based approach with clear roles, responsibilities and entitlements
of all stakeholders at the core of the framework.

A human right
based approach put

he relationships between rights
holders and primary duty
bearers (governments) at the centre of the process and provides a basis for the accountability and
responsibilities of governments for the
safety and protection of rights
holders. Grounding the post
2015 framework in human rights standards and associated legislative frameworks reinforces
accountability by stressing that commitments for safety and protection are legal obligations.



Tackles the underlying drivers of vulnerab
ility and exposure.

The success of a post
Hyogo framework in reducing disaster impacts will depend on its effectiveness
in tackling the causes of vulnerability and exposure, something that the Hyogo Framework for
Action 2005
2015 was unable to do.

It has
to support a lasting change process to address the
structural power imbalances between the rich and the poor and excluded, and among different social
and demographic groups that underpin differential vulnerabilities within communities. This requires
ding risk reduction and resilience principles and systems into social, economic and
environmental policies and practices to ensure that they don’t create or enhance exposure and
vulnerability. This will
require the full integration of disaster risk r
eduction within
development, humanitarian and environmental frameworks, including the successor Millennium
Development Goals, Sustainable Development Goals and Climate Change protocols / agreements.


Strengthens local risk governance

The post
2015 DRR frame
work needs to prioritise strengthening capacities of local government, ensuring
that it works collaboratively and in partnership with civil society, the private sector and at
communities. Effective local risk governance requires investments in streng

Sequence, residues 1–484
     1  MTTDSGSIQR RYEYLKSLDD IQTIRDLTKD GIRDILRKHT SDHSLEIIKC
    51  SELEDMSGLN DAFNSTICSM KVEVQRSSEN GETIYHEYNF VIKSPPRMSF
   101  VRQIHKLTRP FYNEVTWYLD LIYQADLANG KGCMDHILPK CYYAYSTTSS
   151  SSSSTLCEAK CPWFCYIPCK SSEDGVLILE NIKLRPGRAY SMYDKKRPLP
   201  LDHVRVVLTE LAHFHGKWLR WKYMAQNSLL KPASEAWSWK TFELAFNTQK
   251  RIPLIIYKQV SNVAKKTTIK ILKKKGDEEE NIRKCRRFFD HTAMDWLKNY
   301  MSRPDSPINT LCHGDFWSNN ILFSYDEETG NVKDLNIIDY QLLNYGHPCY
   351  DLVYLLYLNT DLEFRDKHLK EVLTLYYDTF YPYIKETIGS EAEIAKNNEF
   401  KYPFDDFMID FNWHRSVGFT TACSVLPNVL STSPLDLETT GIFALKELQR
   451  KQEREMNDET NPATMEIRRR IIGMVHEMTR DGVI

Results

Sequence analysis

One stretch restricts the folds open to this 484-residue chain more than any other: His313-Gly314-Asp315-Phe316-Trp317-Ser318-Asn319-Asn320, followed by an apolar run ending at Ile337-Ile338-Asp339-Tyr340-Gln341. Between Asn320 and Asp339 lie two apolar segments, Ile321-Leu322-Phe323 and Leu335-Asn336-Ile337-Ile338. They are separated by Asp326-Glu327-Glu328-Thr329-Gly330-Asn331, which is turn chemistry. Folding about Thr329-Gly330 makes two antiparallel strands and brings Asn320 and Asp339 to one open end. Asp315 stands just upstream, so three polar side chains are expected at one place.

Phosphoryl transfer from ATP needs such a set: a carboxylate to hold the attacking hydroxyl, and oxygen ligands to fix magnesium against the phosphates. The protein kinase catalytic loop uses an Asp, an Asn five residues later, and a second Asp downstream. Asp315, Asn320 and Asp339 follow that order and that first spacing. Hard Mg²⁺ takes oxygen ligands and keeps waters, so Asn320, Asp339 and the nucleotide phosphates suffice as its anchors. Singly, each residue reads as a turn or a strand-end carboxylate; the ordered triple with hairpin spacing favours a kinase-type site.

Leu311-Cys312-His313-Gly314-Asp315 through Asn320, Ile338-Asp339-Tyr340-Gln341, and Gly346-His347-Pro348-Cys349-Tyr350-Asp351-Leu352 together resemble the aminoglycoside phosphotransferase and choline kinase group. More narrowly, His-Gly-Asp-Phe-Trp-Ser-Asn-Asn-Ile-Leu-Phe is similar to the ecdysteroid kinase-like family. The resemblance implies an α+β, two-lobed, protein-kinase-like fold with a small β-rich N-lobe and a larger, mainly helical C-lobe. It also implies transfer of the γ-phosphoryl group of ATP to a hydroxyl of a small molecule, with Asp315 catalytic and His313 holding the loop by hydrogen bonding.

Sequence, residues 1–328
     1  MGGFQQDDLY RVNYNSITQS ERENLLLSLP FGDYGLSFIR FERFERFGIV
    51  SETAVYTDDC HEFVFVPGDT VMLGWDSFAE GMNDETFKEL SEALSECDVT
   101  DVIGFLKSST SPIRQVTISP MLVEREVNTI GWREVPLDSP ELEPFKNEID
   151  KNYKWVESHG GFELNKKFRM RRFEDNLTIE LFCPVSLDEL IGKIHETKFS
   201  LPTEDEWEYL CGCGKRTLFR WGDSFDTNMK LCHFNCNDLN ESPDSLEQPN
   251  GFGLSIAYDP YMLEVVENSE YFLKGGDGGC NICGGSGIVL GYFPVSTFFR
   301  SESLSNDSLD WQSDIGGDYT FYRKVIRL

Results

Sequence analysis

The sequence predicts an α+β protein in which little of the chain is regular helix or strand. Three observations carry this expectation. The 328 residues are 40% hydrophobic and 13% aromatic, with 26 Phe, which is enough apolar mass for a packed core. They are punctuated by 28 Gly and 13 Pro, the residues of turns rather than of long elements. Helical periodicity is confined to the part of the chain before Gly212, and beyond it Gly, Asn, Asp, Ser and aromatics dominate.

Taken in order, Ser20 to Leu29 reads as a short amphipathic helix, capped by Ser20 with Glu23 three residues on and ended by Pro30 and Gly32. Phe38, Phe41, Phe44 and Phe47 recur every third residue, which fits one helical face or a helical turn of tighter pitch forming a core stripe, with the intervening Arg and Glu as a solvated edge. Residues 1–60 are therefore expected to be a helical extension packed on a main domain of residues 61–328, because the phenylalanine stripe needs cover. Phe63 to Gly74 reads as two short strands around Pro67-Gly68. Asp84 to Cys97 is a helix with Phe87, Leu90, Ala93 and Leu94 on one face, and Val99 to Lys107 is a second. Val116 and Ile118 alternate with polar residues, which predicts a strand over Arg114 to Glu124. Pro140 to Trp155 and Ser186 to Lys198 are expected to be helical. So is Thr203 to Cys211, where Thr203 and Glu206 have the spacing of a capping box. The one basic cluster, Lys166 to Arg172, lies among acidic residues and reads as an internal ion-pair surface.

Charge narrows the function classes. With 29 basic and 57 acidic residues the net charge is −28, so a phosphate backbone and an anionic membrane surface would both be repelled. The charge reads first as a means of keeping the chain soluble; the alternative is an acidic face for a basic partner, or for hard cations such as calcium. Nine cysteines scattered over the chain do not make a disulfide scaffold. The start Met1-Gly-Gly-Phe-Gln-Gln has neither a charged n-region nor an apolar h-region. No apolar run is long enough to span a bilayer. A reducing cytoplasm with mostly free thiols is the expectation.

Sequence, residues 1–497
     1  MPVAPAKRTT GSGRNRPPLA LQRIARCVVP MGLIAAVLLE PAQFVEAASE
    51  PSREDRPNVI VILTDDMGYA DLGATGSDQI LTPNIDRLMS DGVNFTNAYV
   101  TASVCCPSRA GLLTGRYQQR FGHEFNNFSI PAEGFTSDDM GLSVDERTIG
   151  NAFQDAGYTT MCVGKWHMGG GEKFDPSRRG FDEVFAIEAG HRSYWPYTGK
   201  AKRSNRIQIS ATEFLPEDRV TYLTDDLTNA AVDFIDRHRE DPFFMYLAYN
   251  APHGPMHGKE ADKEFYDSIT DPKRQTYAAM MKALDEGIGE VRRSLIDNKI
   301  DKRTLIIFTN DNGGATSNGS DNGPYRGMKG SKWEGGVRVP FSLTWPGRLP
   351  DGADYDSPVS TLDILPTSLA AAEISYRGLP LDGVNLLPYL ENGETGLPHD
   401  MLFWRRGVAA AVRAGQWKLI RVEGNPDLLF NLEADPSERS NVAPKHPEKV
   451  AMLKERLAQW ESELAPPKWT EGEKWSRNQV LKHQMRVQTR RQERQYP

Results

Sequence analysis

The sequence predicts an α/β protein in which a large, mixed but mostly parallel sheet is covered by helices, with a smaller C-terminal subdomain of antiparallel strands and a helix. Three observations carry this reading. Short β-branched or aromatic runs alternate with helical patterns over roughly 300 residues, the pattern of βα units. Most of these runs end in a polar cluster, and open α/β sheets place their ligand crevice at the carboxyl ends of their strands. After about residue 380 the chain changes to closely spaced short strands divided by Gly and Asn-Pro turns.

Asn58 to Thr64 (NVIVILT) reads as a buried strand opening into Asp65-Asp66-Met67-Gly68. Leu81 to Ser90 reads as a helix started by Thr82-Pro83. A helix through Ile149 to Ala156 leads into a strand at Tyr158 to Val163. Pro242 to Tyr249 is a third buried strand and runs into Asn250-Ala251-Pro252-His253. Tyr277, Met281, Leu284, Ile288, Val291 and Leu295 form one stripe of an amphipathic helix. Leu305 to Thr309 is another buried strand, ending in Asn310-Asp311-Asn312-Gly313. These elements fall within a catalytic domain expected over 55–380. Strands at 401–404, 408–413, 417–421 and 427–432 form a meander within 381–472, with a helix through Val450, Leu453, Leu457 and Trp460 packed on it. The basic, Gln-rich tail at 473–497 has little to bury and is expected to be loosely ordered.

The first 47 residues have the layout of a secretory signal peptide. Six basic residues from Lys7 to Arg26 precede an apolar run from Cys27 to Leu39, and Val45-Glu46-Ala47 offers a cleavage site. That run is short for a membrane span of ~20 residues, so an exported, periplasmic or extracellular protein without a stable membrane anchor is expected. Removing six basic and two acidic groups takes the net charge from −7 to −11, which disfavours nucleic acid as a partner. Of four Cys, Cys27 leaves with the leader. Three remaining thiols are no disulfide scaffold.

thening local risk governance
capabilities and civil society networks, including enhanced human and institutional capacities, political
authority, financial resources, accoun
tability and partnerships. Additionally, we need

a framework that has
clear targe
ts, milestones, baselines and indicators as well as impartial monitoring processes that strengthen
accountability and transparency at a local, national and international level.

ActionAid is currently implementing DIPECHO projects in Afghanistan and Bangladesh and working on a
PPA project in these two areas as well as Nepal, Ethiopia, Malawi and Kenya developing resilience
indicators. ActionAid is also working in a South Asia
n regional consortium with OXFAM and Handicap
International developing an inclusive CBDRM model. ActionAid works in 17 countries within its
federation on DRR and CCA
related programming and activities. ActionAid implemented a Disaster Risk
Reduction throu
gh Schools project (funded by DFID and the Greek government) in India, Bangladesh,
Nepal, Kenya, Haiti, Ghana, Malawi, Zambia and DRC. The project ended in December 2010. DRR also
forms a fundamental component of all ActionAid's response and rehabilitati
on work following disasters,
eg.Haiti earthquake and Pakistan floods.

ActionAid received
the 2007
UN Sasak
wa award for its DRR
work through schools
year project.

For further information, contact Harjeet Singh: Harjeet.singh@actionaid.org